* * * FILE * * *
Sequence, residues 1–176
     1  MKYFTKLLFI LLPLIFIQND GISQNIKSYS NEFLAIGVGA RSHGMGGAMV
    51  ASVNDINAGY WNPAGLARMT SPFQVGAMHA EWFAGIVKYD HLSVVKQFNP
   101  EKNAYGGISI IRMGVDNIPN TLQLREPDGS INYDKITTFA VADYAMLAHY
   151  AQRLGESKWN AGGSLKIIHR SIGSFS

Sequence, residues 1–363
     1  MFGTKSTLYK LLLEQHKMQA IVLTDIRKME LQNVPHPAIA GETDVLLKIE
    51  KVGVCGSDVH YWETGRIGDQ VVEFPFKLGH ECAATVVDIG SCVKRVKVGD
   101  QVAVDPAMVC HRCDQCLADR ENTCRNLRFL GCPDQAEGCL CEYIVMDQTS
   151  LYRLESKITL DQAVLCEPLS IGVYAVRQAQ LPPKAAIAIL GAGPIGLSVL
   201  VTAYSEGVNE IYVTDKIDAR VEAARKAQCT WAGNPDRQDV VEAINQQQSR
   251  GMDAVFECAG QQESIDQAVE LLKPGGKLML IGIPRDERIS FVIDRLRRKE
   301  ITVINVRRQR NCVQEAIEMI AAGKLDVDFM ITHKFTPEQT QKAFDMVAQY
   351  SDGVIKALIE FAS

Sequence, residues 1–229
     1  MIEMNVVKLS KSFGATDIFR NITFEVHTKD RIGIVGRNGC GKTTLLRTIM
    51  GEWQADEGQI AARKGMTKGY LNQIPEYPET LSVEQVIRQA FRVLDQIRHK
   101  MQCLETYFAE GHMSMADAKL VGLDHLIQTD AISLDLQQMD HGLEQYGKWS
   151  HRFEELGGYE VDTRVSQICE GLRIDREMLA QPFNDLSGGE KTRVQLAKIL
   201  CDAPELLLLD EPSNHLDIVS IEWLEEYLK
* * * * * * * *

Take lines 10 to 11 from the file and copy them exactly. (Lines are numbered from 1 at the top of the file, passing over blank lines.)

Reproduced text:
   151  LYRLESKITL DQAVLCEPLS IGVYAVRQAQ LPPKAAIAIL GAGPIGLSVL
   201  VTAYSEGVNE IYVTDKIDAR VEAARKAQCT WAGNPDRQDV VEAINQQQSR